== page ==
Wandering Thoughts archives


I think it's time to explicitly set Go's $GO111MODULE environment variable

Go is in the process of transitioning from the old traditional $GOPATH approach to organizing Go code to Go modules. I have my opinions about the fairly rapid speed of this change, but it's clear that the Go team wants to push this forward, and as we know, what the team wants they usually get (try excepted). Given both this ongoing change and my habit of sometimes using the development version of Go, I think it's time for me to explicitly set the $GO111MODULE and $GOPATH environment variables that control this behavior. You might want to consider doing this too.

The Go team is clearly going to be changing the default behavior of modules over time. This creates two problems, even for people who don't use the development version of Go. The first one is simply that the behavior you get will change as you update from Go version to Go version. Explicitly setting the relevant environment variables puts the timing of this change under your control; you can do it at Go version update or not, at your option.

(Apart from the bit where '$GO111MODULE=auto' is changing its behavior between Go 1.12 and Go 1.13. Probably the change is for the better, but it makes me annoyed anyway; some people are going to experience a change in behavior that will break building some Go code that they use.)

The second problem is that various Go programs that deal with Go code are likely to change their default behavior as and if they're rebuilt with newer versions of Go, because they inherit the current Go's defaults through core packages. This cuts both ways; you can experience problems if you rebuild a program like gopls with the latest Go and then try to use it in an older environment, or if you don't rebuild a perfectly fine program like goimports just because you started using a new version of Go. Up until very recently it hasn't been important to carefully match the version of Go that utility programs were compiled with to the version of Go that you were actually using, so I suspect that a lot of people have older binaries that they still use.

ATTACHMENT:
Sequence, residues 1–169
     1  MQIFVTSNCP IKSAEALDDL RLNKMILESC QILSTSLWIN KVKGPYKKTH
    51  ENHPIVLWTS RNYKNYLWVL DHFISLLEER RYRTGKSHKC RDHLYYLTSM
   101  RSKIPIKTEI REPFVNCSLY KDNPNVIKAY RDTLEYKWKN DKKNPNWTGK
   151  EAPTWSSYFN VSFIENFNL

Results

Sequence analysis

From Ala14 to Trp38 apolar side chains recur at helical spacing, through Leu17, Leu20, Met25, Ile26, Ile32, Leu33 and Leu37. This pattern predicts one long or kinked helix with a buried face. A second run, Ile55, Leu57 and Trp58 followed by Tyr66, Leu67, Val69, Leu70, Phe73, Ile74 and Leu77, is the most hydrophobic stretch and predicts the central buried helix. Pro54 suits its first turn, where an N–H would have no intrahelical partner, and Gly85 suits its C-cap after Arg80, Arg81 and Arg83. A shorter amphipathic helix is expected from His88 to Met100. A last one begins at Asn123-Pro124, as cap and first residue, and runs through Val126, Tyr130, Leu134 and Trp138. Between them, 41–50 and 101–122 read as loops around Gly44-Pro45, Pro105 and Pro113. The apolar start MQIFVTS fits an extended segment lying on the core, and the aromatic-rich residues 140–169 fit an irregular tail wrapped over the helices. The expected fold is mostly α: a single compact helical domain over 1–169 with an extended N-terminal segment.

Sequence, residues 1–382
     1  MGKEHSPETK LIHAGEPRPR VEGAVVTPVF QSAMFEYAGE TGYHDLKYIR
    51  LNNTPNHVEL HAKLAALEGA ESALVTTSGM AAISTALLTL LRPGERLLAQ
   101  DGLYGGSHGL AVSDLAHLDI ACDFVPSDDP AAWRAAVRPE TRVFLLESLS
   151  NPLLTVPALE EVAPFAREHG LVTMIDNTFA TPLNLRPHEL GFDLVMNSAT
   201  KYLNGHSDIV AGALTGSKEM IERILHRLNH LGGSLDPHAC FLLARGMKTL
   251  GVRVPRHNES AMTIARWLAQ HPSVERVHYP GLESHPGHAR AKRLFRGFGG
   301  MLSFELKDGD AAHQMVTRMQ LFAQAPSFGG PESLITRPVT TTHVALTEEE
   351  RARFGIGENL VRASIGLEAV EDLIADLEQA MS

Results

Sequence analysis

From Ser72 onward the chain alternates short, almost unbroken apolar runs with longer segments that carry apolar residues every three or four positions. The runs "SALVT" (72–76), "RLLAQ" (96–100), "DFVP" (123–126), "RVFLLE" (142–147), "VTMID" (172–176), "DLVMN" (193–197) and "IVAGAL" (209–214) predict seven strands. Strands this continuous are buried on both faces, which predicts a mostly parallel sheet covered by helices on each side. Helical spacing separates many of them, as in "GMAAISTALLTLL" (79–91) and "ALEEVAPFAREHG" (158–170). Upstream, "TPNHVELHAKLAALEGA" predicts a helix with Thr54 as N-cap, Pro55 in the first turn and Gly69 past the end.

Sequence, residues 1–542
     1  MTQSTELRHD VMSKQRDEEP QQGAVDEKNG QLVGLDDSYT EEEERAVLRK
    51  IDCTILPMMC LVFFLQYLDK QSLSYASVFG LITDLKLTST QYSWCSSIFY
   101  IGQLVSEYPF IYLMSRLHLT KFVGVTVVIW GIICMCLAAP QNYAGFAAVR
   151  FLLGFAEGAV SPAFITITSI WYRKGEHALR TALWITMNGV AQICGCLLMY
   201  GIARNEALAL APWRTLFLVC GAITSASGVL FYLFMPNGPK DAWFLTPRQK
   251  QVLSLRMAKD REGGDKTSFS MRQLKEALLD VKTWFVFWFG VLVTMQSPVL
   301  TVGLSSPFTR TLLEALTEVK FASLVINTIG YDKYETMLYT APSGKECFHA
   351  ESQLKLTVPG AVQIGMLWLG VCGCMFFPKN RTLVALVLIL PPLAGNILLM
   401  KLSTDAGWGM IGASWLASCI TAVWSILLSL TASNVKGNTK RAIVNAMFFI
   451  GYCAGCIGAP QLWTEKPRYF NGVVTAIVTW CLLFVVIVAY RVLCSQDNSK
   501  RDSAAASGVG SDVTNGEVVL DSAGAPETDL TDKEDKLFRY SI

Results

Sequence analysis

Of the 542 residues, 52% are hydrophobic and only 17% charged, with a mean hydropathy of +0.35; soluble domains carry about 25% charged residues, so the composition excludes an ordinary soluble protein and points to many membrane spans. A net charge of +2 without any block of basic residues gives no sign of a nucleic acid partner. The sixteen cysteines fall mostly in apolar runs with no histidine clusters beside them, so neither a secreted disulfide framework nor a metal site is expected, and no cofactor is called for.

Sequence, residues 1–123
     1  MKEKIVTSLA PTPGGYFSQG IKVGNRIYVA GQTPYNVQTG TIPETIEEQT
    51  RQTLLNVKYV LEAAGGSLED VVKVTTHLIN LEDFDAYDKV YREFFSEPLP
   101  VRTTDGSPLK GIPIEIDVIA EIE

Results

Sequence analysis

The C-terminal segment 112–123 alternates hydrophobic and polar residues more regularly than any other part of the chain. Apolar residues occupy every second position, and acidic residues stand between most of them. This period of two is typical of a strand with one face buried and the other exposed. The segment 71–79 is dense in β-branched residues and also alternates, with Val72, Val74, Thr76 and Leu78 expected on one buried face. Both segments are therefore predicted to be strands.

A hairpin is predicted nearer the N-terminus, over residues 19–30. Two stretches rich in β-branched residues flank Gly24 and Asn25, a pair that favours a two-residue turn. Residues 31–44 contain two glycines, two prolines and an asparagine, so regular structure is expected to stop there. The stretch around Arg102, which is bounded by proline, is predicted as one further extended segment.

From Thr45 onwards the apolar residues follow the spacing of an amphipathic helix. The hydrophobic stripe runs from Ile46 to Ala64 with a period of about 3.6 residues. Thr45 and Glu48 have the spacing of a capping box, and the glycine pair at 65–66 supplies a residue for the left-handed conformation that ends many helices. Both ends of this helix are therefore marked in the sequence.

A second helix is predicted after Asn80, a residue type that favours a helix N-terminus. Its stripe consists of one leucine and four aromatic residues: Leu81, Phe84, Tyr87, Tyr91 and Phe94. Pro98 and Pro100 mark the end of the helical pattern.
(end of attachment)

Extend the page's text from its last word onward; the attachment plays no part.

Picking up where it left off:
Explicitly setting $GO111MODULE to a suitable value for your environment doesn't fix all of the problems here, but it does help reduce the variation in what happens; at least you're explicitly telling tools what you want. Setting $GOPATH too isn't currently necessary, but I think it's probably a good insurance against the future.

PS: I am perpetually making mistakes about how many 1's the environment variable has. I even almost published this entry with the title talking about 'GO11MODULE'. I know why it has three 1's, but I wish it was called something else.

Sidebar: Changes in module behavior is why I stopped using Go tip

I could write a bunch of things, but instead I will just point to my tweets on this: here, here, and especially here. The situation has improved since then; now building Go 1.12 starting from the latest development version of Go (ie, almost Go 1.13) merely reports a bunch of:

go_asm.h:493:33: 'p' exponent requires hexadecimal mantissa

As far as I know, the Go people never promised backward compatibility for the Go toolchain (that you could build older versions of Go with newer toolchains), so they are within their rights here. I just don't have to like it, and I took it as a sign to stop using the development version of Go.

Will I update promptly to Go 1.13 when it gets released? I don't know, but quite possibly not, for the first time in Go releases. I'm tempted to let other people find all of the things that don't build any more with the Go 1.13 default behavior for Go modules.

programming/GoTimeToSetGO111MODULE written at 22:34:42; Add Comment

Page tools: See As Normal.
Login: Password:
Atom Syndication: Recent Pages, Recent Comments.

This dinky wiki is brought to you by the Insane Hackers Guild, Python sub-branch.